But why are there so many question marks here? We are asking for a reply which we do not hope to actually receive. Unlike Wollen’s statements ‘GIRLS OWN THE VOID’ and ‘BACK OFF FUCKERS!!!!’ we are in a strangely tentative world when it comes to thinking about objects, things and feminism, being neither subjects nor objects, but rather uncertain positions and unstable relations. To fully side with the object is to embrace ‘bad faith’, as in Sartre’s example of the woman playing coy on a date, pretending that her hand is a dead thing, not (yet) wanting to own the subjective (and in this case, sexual) dimensions of the situation. Yet to be fully a feminist subject seems too optimistic: part-Kantian, part-Marxist, anti-Patriarchal, all-knowing? To be the kind of subject that embraces its object or thing-hood cannot help but wrestle with its own constitutive paradoxes, to be an object that thinks of itself as an object…in 3-D, but not inert, ‘there’ but autonomous, the thing-in-itself without holes…

I want to take seriously Wollen’s VOID, regardless of how she meant it (and perhaps it was meant as a serious joke in the first place). I want to begin from the premise that feminism’s object is the nothing. This is not merely from a delight in paradox, though there is that too, but because I think feminism forces us to rethink what the conditions for the possibility of thinking objects at all might be. Kant’s attempt to undermine Hume’s fragmentary empiricism in The Critique of Pure Reason forcibly leads him to posit the transcendental necessity and unity of thinking objects: we are object-representing beings. The subject’s ability to synthesise objects under categories gives us the ability to identify objects outside of use in space but also to identify our body, which then becomes a strange double, or even triple-object: that which is and isn’t an object, that which we can perceive but also feel, that which we can see bits of but also sense at the same time. That which has an inner feeling of unity – at least sometimes – but that which also provides the basis for any understanding of objectivity as such. But both the object-in-itself and the self-in-itself, and the body, in Kant, remain fundamentally unknown. We are, as Nietzsche, jibing at Kant puts it: ‘unknown to ourselves, we knowers: and for a good reason,’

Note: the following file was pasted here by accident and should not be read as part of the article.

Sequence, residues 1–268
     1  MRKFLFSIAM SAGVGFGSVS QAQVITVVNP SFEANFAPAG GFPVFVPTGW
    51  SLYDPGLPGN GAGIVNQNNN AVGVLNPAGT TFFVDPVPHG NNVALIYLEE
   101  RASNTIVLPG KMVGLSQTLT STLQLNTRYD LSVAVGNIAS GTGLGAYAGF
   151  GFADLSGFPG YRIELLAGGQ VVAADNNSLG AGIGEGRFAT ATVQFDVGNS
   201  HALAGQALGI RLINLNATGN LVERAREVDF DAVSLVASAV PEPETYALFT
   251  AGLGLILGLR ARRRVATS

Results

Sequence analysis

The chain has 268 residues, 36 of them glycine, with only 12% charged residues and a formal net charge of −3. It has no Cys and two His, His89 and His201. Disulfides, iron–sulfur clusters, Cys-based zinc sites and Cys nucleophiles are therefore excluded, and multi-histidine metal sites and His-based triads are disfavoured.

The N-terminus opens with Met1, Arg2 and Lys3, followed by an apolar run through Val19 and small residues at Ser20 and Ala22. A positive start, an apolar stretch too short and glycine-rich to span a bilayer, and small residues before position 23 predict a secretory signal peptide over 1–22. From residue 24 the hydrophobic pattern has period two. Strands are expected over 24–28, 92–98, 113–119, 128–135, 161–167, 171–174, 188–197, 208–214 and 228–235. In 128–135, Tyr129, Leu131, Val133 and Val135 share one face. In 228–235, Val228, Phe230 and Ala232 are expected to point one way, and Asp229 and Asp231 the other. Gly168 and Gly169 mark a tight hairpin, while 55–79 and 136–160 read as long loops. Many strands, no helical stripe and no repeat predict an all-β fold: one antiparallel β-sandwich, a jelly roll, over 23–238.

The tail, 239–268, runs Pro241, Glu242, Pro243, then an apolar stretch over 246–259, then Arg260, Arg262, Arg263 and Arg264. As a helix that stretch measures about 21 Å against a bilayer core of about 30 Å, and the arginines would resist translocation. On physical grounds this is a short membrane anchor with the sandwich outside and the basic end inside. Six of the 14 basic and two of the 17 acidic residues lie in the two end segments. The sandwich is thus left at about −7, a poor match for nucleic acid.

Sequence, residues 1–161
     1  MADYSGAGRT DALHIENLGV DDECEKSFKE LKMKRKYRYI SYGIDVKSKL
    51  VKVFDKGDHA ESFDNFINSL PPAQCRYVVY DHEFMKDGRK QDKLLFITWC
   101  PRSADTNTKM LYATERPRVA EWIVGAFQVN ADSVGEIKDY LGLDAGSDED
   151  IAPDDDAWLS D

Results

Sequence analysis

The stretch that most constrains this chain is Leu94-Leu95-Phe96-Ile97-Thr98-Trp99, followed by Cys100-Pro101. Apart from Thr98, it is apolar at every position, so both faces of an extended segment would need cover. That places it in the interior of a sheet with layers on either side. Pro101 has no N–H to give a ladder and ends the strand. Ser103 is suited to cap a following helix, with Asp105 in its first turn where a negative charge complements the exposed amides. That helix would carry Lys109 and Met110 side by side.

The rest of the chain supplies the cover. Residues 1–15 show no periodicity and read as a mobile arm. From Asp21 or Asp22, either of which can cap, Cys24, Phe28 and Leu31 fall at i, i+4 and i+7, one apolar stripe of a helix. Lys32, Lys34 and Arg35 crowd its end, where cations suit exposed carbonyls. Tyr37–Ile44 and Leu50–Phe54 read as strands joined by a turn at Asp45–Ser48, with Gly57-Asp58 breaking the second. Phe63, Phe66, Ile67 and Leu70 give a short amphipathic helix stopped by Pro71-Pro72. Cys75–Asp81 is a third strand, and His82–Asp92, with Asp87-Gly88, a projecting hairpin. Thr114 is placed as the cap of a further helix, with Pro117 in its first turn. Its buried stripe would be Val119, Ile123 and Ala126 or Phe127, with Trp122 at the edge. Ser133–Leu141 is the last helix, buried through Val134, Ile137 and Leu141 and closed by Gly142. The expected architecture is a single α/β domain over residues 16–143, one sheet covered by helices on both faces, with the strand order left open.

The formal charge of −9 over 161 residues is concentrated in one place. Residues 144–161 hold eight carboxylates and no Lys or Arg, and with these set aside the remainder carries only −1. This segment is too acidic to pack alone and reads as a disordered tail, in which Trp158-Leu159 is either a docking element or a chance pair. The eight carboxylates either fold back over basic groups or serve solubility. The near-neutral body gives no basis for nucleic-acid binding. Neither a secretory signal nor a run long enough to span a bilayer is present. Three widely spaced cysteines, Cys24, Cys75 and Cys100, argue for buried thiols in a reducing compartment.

To think from the standpoint of the VOID then is to begin from what looks like incompleteness but which is fully real. Extending Wollen’s arguments against male artists making artwork about nothingness, we could also indict many of the philosophers – the Ancient atomists for their separation of atoms and the void, Hegel’s dialectical negation, Lacan’s void as the ‘thing that is closest’ and Freud’s unconscious. When Deleuze and Guattari try to overturn this legacy and labour of the negative in favour of a positive intellectual history of plenitude and affirmation, we could say that they perversely simply replace one version of male ownership with another. And then we could also say BEWARE MALE PHILOSOPHERS MAKING PHILOSOPHY ABOUT EMPTINESS/NOTHING DOES NOT BELONG TO YOU.